With the arrival of cooler mornings and pumpkin spiced lattes comes the annual sniffles, chills, and sneezes of flu season and a timely reminder that vaccines can protect you and your loved ones from the worst of what illnesses have to offer. Here, Janet C. Austen, CRNP-FNP, primary care family nurse practitioner with more than 45 years of clinical experience, dispels some vaccine myths and discusses the importance of immunization against diseases such as the flu, COVID-19, tetanus; measles, mumps, and rubella; and other communicable illnesses.
Q: Is there a difference between immunization and vaccination?
Austen: There is no difference between immunization and vaccination. The CDC defines vaccination as the act of introducing a vaccine into the body to produce protection from a specific disease, and immunization as the process of protecting against disease through vaccination. We use vaccinations to increase peoples immunities and help prevent them from getting the disease.
Q: How do vaccines work? Can I get sick from a vaccine?
Austen: Vaccines work by increasing your immunity. This is done with either live or inactive vaccines that stimulate the body’s immune response to create antibodies that fight illness.
If a vaccine uses a live virus, it’s a weakened or an attenuated version of the actual disease – this provides longer immunity – includes those such as the MMR (measles, mumps, and rubella) and Varicella (chickenpox) vaccines.
Inactivated viruses are dead viruses – they still increase immunity, but the response doesn’t last as long, which is one reason why we have to get regular booster shots, such as annual fu and COVID-19 vaccines.
The live viruses sometimes can make you slightly ill – usually low-grade fevers and muscle aches –inactivated viruses, on the other hand, don’t have that effect.
Q: Why do some vaccines require multiple doses or annual boosters, while others do not?
Austen: The repeat doses are necessary for inactivated vaccines – they require repeat vaccination as the immunity is usually lost in about six months.
Q: What are some vaccines people should stay on top of through adulthood, but frequently forget about?
Austen: The vaccines people frequently forget about are the Td (tetanus) and the Tdap (tetanus and pertussis). Pertusis is whooping cough – there was an outbreak in California in 2010, with more than 9,000 cases reported, which was the most in 60 years according to the CDC. In 2014 there was another outbreak with more than 11,000 cases reported. Now, adults receive a booster of this vaccine with their tetanus vaccine in their adult life – with a return to the regular tetanus every 10 years.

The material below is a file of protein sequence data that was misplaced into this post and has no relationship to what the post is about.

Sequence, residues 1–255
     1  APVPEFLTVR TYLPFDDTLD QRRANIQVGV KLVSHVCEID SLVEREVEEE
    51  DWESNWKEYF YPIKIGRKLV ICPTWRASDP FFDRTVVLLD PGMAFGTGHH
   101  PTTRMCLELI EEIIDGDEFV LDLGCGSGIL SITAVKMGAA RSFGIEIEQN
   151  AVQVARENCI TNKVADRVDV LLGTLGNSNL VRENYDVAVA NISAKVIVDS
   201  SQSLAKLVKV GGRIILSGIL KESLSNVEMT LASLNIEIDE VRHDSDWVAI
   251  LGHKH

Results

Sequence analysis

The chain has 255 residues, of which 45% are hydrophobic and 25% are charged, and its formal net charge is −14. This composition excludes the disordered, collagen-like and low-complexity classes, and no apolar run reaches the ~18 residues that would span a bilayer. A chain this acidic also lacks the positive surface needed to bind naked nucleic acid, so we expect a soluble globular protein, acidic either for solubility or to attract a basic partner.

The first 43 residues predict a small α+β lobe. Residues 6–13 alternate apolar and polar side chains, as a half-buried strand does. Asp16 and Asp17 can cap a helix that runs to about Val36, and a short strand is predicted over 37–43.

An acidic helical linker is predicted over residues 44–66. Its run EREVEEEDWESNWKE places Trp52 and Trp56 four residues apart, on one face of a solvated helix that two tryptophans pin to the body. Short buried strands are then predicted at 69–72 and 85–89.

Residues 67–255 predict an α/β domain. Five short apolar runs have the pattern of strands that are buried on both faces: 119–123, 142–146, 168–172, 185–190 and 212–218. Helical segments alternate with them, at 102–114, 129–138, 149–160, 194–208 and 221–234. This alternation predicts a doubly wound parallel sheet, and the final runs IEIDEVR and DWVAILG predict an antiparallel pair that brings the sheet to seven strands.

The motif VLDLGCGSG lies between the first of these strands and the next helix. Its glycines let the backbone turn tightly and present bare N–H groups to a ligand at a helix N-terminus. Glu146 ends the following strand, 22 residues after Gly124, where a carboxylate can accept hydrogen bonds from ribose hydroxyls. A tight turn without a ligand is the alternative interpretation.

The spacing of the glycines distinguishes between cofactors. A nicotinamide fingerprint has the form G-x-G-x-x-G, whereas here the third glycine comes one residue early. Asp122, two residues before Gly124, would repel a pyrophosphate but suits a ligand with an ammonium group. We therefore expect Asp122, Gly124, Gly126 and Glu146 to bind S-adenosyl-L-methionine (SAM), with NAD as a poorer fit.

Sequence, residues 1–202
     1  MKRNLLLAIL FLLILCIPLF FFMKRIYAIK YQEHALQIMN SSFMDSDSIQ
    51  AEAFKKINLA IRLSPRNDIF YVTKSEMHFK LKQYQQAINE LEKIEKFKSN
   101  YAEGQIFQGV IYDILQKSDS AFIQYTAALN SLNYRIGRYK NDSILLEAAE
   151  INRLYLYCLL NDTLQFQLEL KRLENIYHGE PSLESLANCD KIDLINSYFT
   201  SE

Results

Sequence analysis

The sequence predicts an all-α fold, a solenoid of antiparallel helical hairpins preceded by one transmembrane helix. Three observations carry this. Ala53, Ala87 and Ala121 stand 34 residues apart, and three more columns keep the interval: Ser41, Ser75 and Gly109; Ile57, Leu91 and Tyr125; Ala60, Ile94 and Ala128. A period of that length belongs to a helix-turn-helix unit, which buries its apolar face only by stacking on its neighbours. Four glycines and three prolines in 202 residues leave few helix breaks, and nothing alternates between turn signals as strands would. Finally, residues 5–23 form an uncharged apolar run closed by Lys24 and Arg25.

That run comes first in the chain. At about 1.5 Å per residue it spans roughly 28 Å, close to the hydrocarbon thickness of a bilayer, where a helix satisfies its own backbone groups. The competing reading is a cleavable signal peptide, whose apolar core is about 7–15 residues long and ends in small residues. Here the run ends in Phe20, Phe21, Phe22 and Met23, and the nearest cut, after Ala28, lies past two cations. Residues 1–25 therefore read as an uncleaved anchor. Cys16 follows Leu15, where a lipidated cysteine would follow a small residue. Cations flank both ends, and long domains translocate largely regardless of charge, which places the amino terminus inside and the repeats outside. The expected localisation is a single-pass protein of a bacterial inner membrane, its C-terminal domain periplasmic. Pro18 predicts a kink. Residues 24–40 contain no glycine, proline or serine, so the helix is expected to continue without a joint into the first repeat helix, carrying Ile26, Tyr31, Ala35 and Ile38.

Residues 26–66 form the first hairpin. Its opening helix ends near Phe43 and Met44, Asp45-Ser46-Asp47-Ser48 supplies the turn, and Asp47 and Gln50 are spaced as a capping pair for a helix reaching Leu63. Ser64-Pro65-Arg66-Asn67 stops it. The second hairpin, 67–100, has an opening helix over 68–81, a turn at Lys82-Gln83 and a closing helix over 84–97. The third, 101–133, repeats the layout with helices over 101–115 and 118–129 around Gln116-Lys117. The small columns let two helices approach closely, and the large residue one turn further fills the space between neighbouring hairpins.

Q: Are there new vaccines available that patients should be getting?
Austen: The new vaccines available include the mRNA COVID-19 boosters by both Moderna and Pfizer that were recently approved by the FDA. Both vaccines target the XBB variants of the omicron strain that has become dominant in the United States. Those should be available later this month; everyone should get a COVID vaccine booster.
Another new vaccine available is the first respiratory syncytial virus (RSV) vaccine the FDA approved this past spring. Adults over 60 years old, particularly those with underlying health conditions such as heart or lung disease, or those with weakened immune systems, should get the RSV vaccine. Of course, in our area, flu season begins at the start of autumn and usually peaks between December and February. An annual flu shot is always an important preventative tool and the CDC recommends people get vaccinated by the end of October.
Q: Can my primary care provider meet all of my vaccination needs, or do I have to go to a specialist?
Austen: Some primary care providers carry all or most of the above vaccines, and now pharmacies carry many of the vaccines. There also are options, such as the GW MFA Travel’ Clinic, that carry all of the vaccines.